Crane Signal Dictionary: Part 1. Social body language
See also Part 2: Dance steps and Part 3: Attack & defense
Cranes communicate by sounds and visual displays. Lacking hands, they "gesture" with whole-body postures and movements - body language that expresses emotion, can convey intent, and promotes social networking. This webpage includes displays and ritualized behaviors that cranes use to communicate with each other.
The postures and motor behaviors are like words in crane body lanuage. They can be appropriated in Dancing (Part 2) and can transition into Attack-defense (Part 3).
An excellent Field Guide to Crane Behavior can be downloaded as a pdf from the International Crane Foundation. For our dictionary of crane body language, we are especially indebted to the "Sociogram" of Ellis and colleagues and also to others referenced below.
Very nice audio files of the Sandhill Crane Contact Call (Purr), Unison Call, and Guard Call, provided by the International Crane Foundation, can be accessed from the Baker Sanctuary Webpage.
Waterford Press has recently published our Sandhill Crane Display Dictionary 9.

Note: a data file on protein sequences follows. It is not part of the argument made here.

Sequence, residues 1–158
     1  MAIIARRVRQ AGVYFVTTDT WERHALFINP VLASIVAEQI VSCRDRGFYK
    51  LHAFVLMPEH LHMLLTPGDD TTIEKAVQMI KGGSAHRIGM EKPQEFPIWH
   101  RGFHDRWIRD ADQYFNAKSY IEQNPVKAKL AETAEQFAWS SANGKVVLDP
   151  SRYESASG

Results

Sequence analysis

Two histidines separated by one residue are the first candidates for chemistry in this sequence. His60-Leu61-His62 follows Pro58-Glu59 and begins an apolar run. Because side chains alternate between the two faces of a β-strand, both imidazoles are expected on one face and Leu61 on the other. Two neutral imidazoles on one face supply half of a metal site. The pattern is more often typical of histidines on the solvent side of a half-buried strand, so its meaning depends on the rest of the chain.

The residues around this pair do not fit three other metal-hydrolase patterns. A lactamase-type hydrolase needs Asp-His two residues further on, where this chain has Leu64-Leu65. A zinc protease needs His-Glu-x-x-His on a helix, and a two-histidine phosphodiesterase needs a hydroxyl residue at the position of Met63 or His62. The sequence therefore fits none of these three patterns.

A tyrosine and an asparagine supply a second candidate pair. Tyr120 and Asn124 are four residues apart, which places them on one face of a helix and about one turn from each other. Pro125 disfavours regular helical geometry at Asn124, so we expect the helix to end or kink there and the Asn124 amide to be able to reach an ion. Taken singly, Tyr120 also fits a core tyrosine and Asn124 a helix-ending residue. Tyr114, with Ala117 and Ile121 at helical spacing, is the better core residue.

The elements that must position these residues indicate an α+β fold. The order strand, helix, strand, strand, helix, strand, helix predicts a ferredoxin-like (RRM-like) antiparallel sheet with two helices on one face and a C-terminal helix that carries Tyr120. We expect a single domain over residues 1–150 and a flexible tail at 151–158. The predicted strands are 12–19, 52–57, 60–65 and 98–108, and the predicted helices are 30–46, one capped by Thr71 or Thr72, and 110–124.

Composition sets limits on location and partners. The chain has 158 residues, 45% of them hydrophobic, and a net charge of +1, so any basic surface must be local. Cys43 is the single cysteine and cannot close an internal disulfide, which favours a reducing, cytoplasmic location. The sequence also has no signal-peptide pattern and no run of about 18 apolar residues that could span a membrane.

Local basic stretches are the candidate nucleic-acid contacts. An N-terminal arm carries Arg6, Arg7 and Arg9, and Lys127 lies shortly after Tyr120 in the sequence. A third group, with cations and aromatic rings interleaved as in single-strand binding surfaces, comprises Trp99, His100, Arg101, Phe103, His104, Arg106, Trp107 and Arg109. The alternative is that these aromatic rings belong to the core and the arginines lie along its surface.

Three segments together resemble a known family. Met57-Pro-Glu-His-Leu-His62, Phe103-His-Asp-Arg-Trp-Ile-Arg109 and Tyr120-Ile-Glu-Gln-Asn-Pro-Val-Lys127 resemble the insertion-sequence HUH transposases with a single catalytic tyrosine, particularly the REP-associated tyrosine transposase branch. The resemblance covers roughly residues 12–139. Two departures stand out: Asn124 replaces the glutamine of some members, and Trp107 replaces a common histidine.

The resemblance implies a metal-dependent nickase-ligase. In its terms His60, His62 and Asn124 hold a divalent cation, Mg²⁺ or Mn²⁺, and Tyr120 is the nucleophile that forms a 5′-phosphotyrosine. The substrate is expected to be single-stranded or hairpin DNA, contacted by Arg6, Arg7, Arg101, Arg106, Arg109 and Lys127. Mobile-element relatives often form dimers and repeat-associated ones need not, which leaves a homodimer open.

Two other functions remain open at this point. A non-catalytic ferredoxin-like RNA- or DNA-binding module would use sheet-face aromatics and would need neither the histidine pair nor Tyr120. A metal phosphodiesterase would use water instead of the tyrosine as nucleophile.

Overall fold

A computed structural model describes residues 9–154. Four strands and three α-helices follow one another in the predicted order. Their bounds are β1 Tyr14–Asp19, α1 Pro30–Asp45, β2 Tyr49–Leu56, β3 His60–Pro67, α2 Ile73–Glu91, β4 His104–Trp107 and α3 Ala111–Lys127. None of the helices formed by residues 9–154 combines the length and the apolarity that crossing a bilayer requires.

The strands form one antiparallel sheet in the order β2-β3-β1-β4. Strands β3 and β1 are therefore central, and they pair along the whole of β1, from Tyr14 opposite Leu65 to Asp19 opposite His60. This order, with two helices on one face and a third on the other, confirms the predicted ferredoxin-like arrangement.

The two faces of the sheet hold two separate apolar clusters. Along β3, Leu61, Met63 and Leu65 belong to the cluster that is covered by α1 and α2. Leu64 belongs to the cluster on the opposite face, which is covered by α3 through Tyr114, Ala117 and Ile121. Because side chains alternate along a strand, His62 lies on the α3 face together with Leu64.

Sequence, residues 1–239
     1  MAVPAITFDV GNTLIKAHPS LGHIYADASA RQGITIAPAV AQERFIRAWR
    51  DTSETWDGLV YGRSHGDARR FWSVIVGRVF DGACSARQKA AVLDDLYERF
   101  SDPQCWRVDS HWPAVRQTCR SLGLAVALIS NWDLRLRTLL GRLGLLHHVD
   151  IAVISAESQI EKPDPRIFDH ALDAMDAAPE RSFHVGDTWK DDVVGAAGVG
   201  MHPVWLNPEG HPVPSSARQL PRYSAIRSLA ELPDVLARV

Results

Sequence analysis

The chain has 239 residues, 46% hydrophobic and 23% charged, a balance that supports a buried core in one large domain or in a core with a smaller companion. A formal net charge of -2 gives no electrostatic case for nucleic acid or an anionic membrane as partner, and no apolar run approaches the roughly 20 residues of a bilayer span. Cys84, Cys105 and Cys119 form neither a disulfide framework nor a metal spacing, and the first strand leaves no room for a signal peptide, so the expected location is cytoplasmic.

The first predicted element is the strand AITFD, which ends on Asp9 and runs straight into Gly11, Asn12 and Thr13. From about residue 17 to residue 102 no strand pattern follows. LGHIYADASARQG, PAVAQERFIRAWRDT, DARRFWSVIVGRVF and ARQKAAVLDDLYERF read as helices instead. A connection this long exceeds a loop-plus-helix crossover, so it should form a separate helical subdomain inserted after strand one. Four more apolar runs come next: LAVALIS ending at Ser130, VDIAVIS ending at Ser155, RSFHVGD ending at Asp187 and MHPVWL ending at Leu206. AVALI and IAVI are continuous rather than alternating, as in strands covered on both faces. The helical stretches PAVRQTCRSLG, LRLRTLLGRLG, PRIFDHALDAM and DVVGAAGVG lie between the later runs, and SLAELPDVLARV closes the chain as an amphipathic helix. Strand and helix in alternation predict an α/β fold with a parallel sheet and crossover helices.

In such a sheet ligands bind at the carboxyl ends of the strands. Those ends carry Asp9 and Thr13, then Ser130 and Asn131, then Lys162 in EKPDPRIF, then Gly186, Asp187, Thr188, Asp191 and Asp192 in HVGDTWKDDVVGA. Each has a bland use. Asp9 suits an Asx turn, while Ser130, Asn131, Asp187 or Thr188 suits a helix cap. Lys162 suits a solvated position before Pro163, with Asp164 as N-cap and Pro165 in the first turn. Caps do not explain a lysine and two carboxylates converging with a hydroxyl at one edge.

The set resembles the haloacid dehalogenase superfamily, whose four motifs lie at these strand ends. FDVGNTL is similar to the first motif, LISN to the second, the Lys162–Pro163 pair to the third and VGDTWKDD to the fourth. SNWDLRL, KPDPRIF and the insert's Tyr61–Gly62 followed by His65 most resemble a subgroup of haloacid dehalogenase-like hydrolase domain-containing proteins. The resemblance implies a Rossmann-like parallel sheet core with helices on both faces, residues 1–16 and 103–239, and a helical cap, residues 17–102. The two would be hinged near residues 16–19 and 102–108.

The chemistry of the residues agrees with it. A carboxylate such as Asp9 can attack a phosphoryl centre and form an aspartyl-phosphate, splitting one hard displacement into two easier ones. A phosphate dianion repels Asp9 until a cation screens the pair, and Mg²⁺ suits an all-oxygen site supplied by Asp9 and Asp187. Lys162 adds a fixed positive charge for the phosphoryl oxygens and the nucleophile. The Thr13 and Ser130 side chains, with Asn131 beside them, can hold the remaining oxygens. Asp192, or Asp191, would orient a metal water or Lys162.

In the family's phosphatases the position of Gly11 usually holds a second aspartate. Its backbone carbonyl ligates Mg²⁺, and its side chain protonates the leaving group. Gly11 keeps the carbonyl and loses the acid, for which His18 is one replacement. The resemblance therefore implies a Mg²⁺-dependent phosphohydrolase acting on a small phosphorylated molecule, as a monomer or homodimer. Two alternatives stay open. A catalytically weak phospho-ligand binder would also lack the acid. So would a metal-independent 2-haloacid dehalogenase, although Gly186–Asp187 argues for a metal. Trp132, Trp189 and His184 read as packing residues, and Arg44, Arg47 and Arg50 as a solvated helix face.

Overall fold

We welcome emails that suggest improvements to this dictionary.
Head-rub, preening and combing
In preening, the chin, crown and side of head are rubbed on back or wings. For combing, individual feathers are isolated and meticulously cleaned from base to tip. Low-arousal, socially contagious behaviors.
Preening may be for hygiene or indicate ambivalence.
After the head and bill are wiped across opening of the uropygial gland (preen gland) at the base of the tail, the oily secretions are distributed on the feathers of the back, the wing, the breast, and other regions. The secretions could lubricate and clean the feathers, repell parasites, and might contain pheromones.
Birds may perform this display for hours.
Masatomi and Kitagawa5 named the behavior "Oiling"and Johngard3 termed it "Back-slicking".
1. Caro SP, Balthazart J 2010. Pheromones in birds: myth or reality? J Comp Physiol A 196:751-796.
2. Ellis DH, Swengel SR, Archibald GE, Kepler CB 1998. A sociogram for cranes of the world. Behavioral Processes 43:125-151.
3. Johnsgard P 1983. Cranes of the World. 2. Individualistic and social behavior. Papers in Biological Sciences, University of Nebraska, Lincoln, pp. 11-24.
4. Masatomi H 1983. Some observations on mating behaviour of several cranes in captivity. J. Ethol. 1:62-69.
5. Masatomi H, Kitagawa T 1975. Bionomics and sociology of the Japanese Crane, Grus japoniensis, II. Ethogram. Jour. Fac. Sci. Hohhaido Univ. Ser. VI, Zool. 19:834-878.
6. Nesbitt SA, Archibald GW 1981. The agonistic repertoire of sandhill cranes. Wilson Bulletin 93:99-103.
7. Tacha T 1988. Social organization of the cranes from midcontinetal North America. Wildl. Monogr. 99:1-37.
8. Voss KH 1977. Agonistic behavior of the Greater Sandhill Crane. Eastern Greater Sandhill Crane Symposium, pp. 63-85.
9. Yuncker-Happ C, Happ GM 2011. Sandhill Crane Display Dictionary. Waterford Press. [http://www.waterfordpress.com]